TanDEM-X - the Earth in three dimensions
Satellite twins TerraSAR-X and TanDEM-XThe satellite twins TerraSAR-X and TanDEM-X fly in close formation – sometimes separated by only a few hundred metres – and thus acquire data for digital elevation models.
The objective of the TanDEM-X mission (TerraSAR-X add-on for Digital Elevation Measurement) is to produce a highly accurate, three-dimensional image of our Earth with uniform quality and unprecedented accuracy. For large parts of the earth, only rough, non-uniform or incomplete elevation models from different data sources and survey methods existed before the mission began. The previous maps therefore often have breaks, for example at national borders, or they are difficult to compare because they were created with different measurement methods and time-staggered measurement campaigns. TanDEM-X closes these gaps and provides a homogeneous elevation model as an indispensable basis for many commercial applications and scientific questions.
For this purpose, two almost identical satellites orbit the earth at an altitude of around 500 kilometres and scan the surface with radar equipment. The first of the two satellites, TerraSAR-X, has been operating successfully in space since 2007. Since 2010, it has been followed by the almost identical satellite TanDEM-X. Both fly only a few hundred metres apart in close formation, thus enabling the simultaneous imaging of the terrain from different angles. From this, precise elevation information is derived in a 12-metre grid and with a vertical accuracy of better than two metres.
The TanDEM-X Mission
TanDEM-X and TerraSAR-X form the first configurable SAR interferometer (SAR = Synthetic Aperture Radar) in space. The TanDEM-X satellite is a replica of TerraSAR-X with minor extensions. It has an additional cold gas propulsion system and can therefore fine-tune its orbit for formation flight with TerraSAR-X. TanDEM-X also receives attitude and position data from its twin satellite. Since SAR systems actively "illuminate" the earth's surface with its radar signals, measurements can be carried out around the clock, independent of daylight. In addition, SAR systems are largely independent of weather conditions, as the radar signals are able to penetrate clouds. Compared to optical sensors, images of the earth's surface can therefore be taken at any time. This contributes significantly to the reliability of the entire system, a feature that is increasingly demanded by many users.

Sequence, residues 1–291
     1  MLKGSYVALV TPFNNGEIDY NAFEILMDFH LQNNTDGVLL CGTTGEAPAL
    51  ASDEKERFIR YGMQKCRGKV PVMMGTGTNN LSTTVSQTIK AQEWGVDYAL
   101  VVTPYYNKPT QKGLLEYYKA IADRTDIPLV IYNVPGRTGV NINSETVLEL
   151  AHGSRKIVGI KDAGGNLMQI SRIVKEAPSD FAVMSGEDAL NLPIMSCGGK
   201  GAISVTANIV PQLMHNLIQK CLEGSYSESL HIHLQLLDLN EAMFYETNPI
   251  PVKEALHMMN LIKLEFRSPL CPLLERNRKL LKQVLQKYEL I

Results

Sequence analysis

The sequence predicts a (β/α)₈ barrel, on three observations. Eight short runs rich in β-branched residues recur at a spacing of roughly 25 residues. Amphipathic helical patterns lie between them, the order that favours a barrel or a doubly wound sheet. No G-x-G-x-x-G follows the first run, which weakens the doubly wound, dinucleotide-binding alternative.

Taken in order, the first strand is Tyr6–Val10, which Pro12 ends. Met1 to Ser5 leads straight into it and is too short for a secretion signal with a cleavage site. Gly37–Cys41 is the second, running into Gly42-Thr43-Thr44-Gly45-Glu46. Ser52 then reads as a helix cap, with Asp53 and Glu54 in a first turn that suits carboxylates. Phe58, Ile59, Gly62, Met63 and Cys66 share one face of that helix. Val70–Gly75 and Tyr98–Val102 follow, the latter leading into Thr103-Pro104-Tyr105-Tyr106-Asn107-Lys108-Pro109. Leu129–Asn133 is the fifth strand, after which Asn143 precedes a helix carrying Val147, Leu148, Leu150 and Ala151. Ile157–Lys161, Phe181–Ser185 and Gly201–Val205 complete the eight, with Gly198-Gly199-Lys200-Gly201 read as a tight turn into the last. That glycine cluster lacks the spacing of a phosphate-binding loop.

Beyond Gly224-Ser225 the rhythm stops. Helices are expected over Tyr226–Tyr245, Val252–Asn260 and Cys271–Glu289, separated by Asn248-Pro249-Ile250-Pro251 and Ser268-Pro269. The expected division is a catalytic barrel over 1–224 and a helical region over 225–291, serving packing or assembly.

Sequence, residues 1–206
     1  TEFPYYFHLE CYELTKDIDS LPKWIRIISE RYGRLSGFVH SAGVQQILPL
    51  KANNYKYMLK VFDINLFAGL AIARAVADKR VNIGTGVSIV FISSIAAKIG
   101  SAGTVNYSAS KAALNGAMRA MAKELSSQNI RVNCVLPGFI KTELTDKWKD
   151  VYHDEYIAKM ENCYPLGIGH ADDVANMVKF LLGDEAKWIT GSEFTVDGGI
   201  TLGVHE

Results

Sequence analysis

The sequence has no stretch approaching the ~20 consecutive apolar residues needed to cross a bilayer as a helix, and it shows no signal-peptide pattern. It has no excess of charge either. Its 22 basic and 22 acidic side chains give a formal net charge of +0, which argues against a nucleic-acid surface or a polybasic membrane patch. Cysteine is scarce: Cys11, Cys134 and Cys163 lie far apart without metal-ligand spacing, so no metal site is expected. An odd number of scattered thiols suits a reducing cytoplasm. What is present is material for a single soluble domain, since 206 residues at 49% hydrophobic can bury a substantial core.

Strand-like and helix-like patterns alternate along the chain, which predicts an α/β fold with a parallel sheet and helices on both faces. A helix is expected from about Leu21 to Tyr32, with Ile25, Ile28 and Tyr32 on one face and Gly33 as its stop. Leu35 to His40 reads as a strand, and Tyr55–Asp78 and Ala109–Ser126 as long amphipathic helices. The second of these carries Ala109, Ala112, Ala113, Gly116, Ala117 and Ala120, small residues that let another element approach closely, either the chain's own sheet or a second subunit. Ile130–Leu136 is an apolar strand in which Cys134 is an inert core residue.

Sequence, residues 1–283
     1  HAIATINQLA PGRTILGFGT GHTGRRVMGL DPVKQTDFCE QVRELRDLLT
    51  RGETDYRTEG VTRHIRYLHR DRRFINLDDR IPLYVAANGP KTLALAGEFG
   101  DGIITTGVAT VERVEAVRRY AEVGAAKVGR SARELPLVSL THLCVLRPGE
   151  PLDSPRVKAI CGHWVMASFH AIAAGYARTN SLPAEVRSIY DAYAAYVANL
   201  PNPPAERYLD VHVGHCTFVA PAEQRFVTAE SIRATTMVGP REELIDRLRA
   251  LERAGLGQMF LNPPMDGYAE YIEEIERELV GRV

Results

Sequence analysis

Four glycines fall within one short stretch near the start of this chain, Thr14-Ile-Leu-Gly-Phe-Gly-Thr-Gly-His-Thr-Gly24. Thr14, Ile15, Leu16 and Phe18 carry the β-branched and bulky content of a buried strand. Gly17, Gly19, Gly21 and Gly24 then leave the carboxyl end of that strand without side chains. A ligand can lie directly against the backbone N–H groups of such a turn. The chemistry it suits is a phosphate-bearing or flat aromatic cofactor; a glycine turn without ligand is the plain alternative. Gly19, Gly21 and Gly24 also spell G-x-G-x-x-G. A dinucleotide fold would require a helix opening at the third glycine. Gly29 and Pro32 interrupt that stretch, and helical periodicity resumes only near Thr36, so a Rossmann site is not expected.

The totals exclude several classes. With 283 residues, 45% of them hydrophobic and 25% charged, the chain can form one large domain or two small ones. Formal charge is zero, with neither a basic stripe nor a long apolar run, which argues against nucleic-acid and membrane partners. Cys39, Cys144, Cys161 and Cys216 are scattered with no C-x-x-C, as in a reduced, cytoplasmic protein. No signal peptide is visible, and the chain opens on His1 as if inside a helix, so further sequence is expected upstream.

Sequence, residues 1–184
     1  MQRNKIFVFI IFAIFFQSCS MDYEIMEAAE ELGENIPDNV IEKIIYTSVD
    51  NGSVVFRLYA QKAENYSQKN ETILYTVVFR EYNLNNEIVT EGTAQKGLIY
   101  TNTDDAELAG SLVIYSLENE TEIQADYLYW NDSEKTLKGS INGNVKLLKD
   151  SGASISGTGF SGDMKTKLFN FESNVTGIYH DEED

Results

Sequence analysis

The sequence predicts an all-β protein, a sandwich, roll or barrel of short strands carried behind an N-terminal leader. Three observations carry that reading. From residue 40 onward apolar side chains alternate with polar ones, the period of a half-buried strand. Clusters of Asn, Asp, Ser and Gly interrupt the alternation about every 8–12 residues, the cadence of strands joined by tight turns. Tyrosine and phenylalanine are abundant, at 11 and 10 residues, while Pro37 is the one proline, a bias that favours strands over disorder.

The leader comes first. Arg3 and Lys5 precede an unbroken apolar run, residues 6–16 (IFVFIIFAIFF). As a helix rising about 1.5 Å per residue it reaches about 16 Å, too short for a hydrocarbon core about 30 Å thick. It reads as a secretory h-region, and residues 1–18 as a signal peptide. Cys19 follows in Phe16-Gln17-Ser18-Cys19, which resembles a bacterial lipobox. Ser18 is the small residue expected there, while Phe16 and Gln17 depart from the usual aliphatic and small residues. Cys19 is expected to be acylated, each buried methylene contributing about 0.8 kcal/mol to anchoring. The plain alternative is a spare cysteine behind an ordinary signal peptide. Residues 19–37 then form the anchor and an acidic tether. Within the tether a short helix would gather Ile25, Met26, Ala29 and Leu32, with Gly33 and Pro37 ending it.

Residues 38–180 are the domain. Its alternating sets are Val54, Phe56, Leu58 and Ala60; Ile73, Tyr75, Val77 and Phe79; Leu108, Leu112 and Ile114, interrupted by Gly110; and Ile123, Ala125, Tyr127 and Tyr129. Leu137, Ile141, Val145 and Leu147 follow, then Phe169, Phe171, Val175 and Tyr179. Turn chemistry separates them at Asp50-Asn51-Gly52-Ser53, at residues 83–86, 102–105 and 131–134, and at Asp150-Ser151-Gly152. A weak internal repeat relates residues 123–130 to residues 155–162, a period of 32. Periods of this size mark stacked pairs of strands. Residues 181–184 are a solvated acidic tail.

In the period from 2011 to 2015, both satellites have surveyed the entire land surface of the Earth, i.e. 150 million square kilometres, several times completely in order to ensure the main objective of the mission, the creation of the global Digital Elevation Model (DEM). The global TanDEM-X terrain model has a grid size of 12 meters × 12 meters and has a high vertical accuracy, which is mostly better than 2 meters. Furthermore, it is homogeneous throughout and thus forms the basis for a globally uniform map material.
The production of the global terrain model from the acquired data set of both satellites was completed in September 2016. About 3 petabytes (equivalent to 3000 terabytes) of data were processed into the final digital 3D map product, which is now available in the form of 19,000 tiles. Each tile represents an area of 1° × 1° (longitude × latitude), corresponding to about 100 km × 100 km near the equator. The global TanDEM-X terrain model is also available in different product variants with a grid size of 12 m, 30 m and 90 m.
The three-year acquisition phase for the global elevation model was followed by an acquisition phase to explicitly serve scientific needs such as forest mapping, snow and ice detection, observation of volcanoes, urban areas, ocean currents and the demonstration of new radar techniques to develop new applications.
If the earth's surface is analysed with the accuracy of TanDEM-X, it can be clearly seen that this is an extremely dynamic system. Not only altitude changes in glaciers, permafrost areas and forests, but also agricultural activities and changes in infrastructure leave clear traces in the digital terrain model. Therefore, since September 2017 a further complete survey of the Earth's landmass has been carried out in order to obtain another independent and unique data set. The resulting product, called "Change DEM", will make it possible to track topographic changes worldwide.
A German key project
Following in the footsteps of European radar satellites ERS-1, ERS-2, Envisat and TerraSAR-X, as well as the joint US-German-Italian Spaceborne Imaging Radar-C/X-Band Synthetic Aperture Radar (SIR-C/X-SAR) that flew on the Space Shuttle and the US Shuttle Radar Topography Mission, TanDEM-X seeks to support scientific and commercial applications of radar-based Earth observation. Demonstrating Germany's expertise in satellite-based radar technology, the mission is the result of a long-term focus in Germany's national space programme.
TanDEM-X was launched on behalf of DLR as a public-private partnership (PPP) project with Airbus Defence and Space (formerly Astrium) with funding from the German Federal Ministry of Economics and Energy (BMWi).
DLR is responsible for the scientific use of the TanDEM-X data, the planning and execution of the mission, the control of the two satellites and the generation of the digital elevation model.
Airbus Defence and Space built the satellite and contributes to the development and utilisation costs. As with TerraSAR-X, the "Geo-Intelligence" programme line is responsible for the commercial marketing of the TanDEM-X data. Since 2016, the project has been continued under a continuation agreement with Airbus.
|TanDEM-X quick facts|
|Launch:||21 June 2010, 04:14:03 CEST|
|Launch site:||Baikonur (Kazakhstan)|
|Orbit altitude:||514 kilometres|
|Orbit inclination:||97.4 degrees|
|Satellite mass:||1330 kilograms|